I think the thing that really gets me on this one is it's RYAN ADAMS. Raise your hand if you can name one Ryan Adams song. I think musicians (and filmmakers and artists) lose sight of the fact that art must have an audience or it's kinda pointless. It's one thing to create art as a form of artistic expression or release, but if no one cares, no one cares (which totally makes sense in my head).
I actually like Ryan Adams. He is a good songwriter and producer, but he needs to stop being a nutter and play for chrissakes!
Yay! It's the weekend and Premiere Week is coming to a close (kinda...some shows debut later in October). Here's what I'm looking forward to this weekend:
Moonlight: It's a vampire show with a bunch of foreign actors and Logan from Veronica Mars. I'm not really sold on it yet (sounds too much like a poor man's Buffy), but I'm gonna check out the first ep and see what happens. I need a Logan fix, anyway...
Numbers: I've never watched this show, but I've always wanted to check it out, and now, with my handy DVR, I can. Math makes my brain hurt, but maybe dreamy David Krumholtz can make it all better.
Dexter: It's back! I hear this season, Dexter offs some people who maybe don't deserve it. Should create a real moral dilemma for everyone's favorite serial killer (seriously, he's way cooler then Bundy or Jack the Ripper).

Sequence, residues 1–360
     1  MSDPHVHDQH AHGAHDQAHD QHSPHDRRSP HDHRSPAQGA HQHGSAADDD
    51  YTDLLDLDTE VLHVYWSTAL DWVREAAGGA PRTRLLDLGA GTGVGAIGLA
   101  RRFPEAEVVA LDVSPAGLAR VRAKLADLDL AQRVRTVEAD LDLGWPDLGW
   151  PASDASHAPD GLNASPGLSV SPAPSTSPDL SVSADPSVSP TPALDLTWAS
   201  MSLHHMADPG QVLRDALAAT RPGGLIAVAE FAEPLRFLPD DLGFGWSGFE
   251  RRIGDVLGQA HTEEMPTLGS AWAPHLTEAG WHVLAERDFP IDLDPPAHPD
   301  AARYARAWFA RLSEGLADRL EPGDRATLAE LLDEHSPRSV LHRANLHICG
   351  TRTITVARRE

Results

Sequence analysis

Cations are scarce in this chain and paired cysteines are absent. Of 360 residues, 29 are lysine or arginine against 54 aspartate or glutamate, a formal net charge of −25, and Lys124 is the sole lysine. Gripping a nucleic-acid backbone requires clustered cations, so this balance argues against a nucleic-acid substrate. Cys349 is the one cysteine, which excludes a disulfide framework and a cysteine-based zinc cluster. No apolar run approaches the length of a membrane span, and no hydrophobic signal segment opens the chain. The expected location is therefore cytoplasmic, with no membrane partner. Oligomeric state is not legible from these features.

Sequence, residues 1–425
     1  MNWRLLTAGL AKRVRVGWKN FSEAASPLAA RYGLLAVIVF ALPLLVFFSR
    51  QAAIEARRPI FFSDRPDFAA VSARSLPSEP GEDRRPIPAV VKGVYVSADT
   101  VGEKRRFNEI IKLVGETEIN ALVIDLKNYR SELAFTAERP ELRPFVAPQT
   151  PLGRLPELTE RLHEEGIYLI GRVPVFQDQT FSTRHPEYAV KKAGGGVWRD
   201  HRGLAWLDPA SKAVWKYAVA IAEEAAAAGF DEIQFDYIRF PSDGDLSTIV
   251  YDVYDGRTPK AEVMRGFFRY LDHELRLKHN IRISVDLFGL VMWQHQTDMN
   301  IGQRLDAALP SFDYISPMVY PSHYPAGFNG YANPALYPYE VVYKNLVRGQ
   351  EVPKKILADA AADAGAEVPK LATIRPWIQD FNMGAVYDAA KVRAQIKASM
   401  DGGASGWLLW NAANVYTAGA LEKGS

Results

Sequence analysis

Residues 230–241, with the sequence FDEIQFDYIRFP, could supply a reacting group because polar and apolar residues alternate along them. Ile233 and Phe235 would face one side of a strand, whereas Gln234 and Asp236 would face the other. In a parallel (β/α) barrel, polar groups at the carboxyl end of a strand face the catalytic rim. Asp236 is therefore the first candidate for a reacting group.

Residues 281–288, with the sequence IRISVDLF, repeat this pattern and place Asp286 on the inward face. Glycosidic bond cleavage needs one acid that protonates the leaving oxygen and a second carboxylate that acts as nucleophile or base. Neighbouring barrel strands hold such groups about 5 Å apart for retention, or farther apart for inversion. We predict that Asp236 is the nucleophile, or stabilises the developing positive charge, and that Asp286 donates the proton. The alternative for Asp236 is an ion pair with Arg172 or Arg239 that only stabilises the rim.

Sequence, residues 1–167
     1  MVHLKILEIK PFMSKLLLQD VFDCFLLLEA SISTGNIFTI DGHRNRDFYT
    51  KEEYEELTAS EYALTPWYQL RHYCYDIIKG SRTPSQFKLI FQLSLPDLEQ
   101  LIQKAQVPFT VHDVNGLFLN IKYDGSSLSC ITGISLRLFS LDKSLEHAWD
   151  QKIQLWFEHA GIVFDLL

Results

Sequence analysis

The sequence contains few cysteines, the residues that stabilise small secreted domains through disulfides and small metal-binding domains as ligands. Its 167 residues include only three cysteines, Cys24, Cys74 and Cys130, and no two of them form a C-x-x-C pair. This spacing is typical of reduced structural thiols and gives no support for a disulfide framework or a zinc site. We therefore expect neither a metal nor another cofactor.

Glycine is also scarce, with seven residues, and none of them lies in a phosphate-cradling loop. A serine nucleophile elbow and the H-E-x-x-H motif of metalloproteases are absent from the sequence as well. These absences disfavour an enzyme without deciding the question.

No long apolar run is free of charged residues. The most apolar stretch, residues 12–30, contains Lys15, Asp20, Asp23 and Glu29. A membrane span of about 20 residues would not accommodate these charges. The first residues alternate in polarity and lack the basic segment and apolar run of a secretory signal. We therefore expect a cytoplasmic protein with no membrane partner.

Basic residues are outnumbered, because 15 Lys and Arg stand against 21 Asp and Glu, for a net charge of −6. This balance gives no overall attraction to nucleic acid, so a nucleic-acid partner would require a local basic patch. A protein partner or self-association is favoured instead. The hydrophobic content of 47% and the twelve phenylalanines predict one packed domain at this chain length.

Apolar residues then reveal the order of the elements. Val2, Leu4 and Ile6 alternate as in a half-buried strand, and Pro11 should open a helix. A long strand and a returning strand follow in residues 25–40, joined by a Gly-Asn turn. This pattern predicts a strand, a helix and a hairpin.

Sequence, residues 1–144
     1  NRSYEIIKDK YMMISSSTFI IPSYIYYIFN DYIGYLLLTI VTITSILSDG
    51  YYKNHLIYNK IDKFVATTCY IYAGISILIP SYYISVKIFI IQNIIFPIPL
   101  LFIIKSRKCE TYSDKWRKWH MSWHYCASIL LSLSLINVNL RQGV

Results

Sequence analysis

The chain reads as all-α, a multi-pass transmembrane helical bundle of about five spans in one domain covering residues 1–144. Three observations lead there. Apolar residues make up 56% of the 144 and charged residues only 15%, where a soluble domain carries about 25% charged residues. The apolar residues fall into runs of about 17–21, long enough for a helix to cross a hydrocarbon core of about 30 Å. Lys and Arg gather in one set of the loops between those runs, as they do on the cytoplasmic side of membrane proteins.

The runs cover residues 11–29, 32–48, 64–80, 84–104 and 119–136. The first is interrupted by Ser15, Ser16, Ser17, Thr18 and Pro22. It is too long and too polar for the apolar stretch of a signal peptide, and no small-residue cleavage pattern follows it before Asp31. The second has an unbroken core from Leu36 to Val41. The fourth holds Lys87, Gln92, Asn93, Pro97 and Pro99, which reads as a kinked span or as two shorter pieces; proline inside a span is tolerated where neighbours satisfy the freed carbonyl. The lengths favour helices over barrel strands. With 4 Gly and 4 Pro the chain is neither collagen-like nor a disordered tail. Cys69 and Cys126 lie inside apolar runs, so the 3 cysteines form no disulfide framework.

That's it. The rest of the weekend will be spent catching up on the shows I missed during the week. I have to say, I'm kinda glad the week is over. Watching so much TV is exhausting!
Thursday, September 27, 2007
Dude! Reaper was awesome! That's what I wanted from Chuck: an adorable lead character (who totally reminds me of Jake Gyllenhaal) with a genuinely funny best friend/sidekick, a love interest who doesn't make me wanna punch her in the face, and an interesting plot to keep the story going and going and going. It's Buffy meets Dead Like Me...well, the plot is nothing like either of those, but if feels like a combination of the two. I'll take a season pass please. (I also decided to DVR Life instead of Dirty Sexy Money because Liz was gonna check out DSM and I could get a report on it from her...I'm sure you were dying to know).
Moving on, Thursday has long been THE night for great TV. The Cosby Show, Family Ties, Friends, Seinfeld spent most (if not all) of their time on Thursday night. Now, we get some of the best comedies on TV and America's favorite reality show (well, it was 10 years ago anyway). So here's what we (and by "we" I mean "me") will be watching/recording tonight:
The Office - Yay! The Office is back. Consistently the funniest show on TV, I am excited to see what happens with Jim and Pam, how Kelly is coping with her break-up from Ryan (who you know is gonna become an evil executive) and Dwight being, well, Dwight. Now that Veronica Mars and Gilmore Girls are gone (*sniff*), The Office is by far my favorite show on television and I'm so excited we get hour long episodes for the first 4 weeks.
My Name is Earl - I like this show (mainly because of Jason Lee and Jamie Priestley), but I'm not a die hard fan. I watch it though. Always good for a few laughs...and the guest stars are usually pretty awesome.